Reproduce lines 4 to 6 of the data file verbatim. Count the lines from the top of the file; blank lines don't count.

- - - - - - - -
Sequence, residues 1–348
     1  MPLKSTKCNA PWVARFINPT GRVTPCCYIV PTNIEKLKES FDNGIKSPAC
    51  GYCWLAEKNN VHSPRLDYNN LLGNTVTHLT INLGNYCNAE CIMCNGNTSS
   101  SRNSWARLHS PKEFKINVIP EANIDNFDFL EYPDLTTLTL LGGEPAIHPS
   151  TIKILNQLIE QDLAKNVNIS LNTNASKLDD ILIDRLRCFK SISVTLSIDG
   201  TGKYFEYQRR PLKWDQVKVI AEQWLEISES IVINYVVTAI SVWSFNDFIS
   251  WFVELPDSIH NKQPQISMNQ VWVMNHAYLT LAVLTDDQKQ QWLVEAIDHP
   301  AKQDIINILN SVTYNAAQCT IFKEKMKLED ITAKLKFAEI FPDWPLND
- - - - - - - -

   101  SRNSWARLHS PKEFKINVIP EANIDNFDFL EYPDLTTLTL LGGEPAIHPS
   151  TIKILNQLIE QDLAKNVNIS LNTNASKLDD ILIDRLRCFK SISVTLSIDG
   201  TGKYFEYQRR PLKWDQVKVI AEQWLEISES IVINYVVTAI SVWSFNDFIS